A: William Inge Pf: 1950, New York Pb: 1950 G: Drama in 2 acts S: Delaneys' home in a Midwestern city, 1940s C: 8m, 3fDoc Delaney and his childhood sweetheart wife Lola have been married for 20 years. They were forced to marry when Lola found that she was pregnant, and Doc had to give up his medical studies and become a chiropractor instead. Lola's baby soon died, and since then she has been childless and become a slattern, mourning her dead baby and pathetically calling for her long-lost puppy Sheba. Doc, similarly disillusioned, became an alcoholic, but has been abstinent for years now, begging Lola to forget the past and live in the present. They have as a lodger Marie Buckholder, an attractive young art student, whose neat appearance and trim body contrast with Lola's corpulent sloppiness. Lola encourages Marie's fiancé Turk, a javelin thrower, to spend the night with Marie. When Doc learns this, his suppressed desire for the seemingly virginal Marie drives him back to the bottle, and in a drunken fit he smashes up the home and chases Lola with a hatchet. Friends from Alcoholics Anonymous drag him off to hospital so that he can dry out. A week later Doc returns, and Lola tells him that she has dreamed that little Sheba is dead, and will not call her back any more.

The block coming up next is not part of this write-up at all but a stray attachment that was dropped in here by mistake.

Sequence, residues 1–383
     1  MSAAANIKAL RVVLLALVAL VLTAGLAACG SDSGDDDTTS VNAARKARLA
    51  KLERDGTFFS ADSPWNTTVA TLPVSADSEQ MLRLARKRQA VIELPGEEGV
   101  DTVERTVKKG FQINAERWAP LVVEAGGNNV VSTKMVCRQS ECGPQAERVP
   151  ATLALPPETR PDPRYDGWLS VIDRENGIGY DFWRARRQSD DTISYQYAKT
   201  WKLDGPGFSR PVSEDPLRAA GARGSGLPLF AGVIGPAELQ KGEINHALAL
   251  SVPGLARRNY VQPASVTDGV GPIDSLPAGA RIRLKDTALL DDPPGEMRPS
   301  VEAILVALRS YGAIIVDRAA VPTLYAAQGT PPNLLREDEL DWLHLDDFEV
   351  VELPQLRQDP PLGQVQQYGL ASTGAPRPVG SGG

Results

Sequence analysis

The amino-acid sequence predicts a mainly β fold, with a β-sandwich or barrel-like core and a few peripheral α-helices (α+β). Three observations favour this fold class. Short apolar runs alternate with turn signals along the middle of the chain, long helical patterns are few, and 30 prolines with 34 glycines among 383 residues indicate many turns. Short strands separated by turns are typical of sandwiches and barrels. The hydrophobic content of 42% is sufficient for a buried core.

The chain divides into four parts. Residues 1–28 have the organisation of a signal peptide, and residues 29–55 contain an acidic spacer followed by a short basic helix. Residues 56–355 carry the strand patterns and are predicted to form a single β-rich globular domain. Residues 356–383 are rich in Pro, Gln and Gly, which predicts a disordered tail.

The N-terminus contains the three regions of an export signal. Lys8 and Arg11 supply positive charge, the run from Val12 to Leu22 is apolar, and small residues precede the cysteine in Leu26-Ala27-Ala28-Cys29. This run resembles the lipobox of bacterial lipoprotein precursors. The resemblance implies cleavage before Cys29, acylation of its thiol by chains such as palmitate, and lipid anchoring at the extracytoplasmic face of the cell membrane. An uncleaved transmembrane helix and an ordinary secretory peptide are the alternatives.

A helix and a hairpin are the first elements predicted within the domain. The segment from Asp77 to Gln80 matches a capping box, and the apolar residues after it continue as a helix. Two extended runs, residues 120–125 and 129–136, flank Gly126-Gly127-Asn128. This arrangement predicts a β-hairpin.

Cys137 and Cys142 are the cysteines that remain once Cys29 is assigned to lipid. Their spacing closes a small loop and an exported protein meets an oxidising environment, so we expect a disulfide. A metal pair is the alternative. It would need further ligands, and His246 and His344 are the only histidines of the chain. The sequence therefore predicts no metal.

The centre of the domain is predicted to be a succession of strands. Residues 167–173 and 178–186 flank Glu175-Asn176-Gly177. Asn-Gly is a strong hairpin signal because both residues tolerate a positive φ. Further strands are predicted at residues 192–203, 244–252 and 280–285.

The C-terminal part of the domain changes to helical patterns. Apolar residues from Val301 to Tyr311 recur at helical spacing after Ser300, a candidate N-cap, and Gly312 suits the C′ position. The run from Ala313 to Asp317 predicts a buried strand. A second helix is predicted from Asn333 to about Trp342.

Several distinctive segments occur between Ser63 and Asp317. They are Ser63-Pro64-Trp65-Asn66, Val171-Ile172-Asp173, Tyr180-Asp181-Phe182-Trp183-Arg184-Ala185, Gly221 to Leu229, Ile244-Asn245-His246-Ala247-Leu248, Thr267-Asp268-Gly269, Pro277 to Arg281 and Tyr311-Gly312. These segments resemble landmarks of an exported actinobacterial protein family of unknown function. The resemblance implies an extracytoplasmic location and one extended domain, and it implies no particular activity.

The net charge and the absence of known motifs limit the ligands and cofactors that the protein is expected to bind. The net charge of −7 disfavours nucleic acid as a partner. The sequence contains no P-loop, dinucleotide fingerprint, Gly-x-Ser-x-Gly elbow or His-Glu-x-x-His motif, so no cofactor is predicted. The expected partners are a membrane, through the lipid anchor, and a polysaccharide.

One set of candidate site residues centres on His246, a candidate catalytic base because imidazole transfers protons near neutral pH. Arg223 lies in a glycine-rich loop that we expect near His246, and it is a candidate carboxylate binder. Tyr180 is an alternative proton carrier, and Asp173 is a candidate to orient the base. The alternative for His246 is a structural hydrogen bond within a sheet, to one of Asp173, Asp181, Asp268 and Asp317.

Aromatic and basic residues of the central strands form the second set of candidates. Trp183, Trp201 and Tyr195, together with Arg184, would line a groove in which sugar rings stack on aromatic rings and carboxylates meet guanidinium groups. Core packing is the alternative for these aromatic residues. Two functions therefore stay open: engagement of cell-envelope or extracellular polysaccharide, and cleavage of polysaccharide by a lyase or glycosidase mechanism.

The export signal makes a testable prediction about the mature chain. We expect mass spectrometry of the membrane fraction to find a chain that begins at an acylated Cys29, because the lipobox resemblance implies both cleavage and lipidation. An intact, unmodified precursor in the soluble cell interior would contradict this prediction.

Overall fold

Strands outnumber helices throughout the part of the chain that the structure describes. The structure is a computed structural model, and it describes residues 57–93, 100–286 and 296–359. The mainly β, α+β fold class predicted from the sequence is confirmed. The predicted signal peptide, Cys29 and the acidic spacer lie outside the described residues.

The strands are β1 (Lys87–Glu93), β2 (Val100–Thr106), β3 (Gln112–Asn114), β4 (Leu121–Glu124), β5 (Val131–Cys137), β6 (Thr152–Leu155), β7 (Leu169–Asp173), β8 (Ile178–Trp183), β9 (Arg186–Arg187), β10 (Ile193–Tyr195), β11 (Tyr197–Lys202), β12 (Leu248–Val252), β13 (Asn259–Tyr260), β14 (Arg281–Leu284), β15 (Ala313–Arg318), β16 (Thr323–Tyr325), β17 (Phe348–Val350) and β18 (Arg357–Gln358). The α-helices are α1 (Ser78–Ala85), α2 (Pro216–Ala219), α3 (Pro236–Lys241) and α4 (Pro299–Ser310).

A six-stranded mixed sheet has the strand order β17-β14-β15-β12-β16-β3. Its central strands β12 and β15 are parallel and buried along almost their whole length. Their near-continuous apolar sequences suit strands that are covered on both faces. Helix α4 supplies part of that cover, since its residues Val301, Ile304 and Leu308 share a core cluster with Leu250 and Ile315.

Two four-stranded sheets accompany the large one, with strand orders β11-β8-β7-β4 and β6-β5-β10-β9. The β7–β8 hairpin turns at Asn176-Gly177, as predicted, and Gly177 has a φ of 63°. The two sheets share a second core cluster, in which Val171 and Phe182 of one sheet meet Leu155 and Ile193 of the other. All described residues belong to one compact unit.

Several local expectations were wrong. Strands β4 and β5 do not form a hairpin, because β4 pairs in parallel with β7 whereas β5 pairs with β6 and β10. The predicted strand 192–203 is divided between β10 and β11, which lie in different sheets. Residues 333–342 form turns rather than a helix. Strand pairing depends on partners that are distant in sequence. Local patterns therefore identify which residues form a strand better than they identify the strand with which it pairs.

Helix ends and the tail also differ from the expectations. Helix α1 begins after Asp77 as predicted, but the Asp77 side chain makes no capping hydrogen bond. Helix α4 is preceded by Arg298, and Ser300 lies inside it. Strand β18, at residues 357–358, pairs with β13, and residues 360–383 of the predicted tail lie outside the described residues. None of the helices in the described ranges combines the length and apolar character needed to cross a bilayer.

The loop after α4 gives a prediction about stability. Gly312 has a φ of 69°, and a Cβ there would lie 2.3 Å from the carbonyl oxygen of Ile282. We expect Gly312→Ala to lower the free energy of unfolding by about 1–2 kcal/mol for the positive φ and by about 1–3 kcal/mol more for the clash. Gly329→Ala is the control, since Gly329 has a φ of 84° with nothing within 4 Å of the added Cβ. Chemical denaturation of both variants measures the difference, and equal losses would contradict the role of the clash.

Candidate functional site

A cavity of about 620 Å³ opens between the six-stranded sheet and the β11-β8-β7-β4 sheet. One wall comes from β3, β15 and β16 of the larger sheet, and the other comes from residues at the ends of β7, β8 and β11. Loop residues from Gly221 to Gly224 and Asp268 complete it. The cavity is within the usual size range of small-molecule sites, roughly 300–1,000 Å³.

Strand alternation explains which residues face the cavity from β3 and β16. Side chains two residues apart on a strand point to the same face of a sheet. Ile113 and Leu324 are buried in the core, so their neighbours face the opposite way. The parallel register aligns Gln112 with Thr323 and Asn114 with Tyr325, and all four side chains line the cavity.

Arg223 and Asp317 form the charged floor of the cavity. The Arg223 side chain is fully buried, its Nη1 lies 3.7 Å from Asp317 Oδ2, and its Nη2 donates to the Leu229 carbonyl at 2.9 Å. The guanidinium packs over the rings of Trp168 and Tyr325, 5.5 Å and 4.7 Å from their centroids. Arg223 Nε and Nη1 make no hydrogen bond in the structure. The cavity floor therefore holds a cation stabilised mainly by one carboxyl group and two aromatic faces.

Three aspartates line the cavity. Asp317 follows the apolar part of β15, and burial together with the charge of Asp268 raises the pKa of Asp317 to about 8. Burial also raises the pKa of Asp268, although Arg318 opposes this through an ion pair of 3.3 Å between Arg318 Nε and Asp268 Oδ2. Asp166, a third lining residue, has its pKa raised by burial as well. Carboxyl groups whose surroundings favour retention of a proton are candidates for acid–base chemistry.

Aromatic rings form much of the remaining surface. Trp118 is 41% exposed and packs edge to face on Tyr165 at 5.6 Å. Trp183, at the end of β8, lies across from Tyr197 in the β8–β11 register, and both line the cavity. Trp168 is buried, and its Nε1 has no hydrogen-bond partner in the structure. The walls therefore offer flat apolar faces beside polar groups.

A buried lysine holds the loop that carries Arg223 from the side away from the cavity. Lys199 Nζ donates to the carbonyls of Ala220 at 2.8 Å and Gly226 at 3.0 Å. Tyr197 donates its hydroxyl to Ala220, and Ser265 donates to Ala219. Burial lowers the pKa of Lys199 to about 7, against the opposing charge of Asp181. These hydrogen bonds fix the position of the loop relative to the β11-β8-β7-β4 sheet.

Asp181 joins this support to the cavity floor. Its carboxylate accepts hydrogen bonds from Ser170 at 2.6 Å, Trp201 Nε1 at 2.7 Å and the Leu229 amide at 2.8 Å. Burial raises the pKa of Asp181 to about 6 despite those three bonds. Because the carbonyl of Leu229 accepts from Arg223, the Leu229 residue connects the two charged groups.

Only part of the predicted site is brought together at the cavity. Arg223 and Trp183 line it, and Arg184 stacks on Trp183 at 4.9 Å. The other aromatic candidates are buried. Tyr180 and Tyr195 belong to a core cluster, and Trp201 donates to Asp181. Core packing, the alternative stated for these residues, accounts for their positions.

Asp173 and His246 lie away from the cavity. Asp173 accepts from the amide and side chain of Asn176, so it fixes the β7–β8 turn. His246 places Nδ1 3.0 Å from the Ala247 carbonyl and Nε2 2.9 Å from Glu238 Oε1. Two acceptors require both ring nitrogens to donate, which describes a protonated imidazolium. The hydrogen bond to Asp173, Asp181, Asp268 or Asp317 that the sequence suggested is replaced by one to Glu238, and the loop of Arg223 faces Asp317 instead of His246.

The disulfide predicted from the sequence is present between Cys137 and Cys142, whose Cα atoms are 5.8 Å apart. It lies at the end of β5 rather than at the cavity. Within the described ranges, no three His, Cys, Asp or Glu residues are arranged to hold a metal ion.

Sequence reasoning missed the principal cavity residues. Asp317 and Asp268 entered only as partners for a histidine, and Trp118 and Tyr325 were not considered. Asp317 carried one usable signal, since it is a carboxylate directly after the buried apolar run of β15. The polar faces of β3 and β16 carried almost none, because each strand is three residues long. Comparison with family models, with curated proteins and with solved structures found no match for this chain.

A: William Inge Pf: 1950, New York Pb: 1950 G: Drama in 2 acts S: Delaneys' home in a Midwestern city, 1940s C: 8m, 3f
Inge was one of the most successful American playwrights of the 1950s, and this is his best play, which, when performed with conviction, will easily win over audiences with its concoction of melodrama and popular psychology. It is like a sanitized version of Tennessee Williams, whose Glass Menagerie inspired Inge to write plays.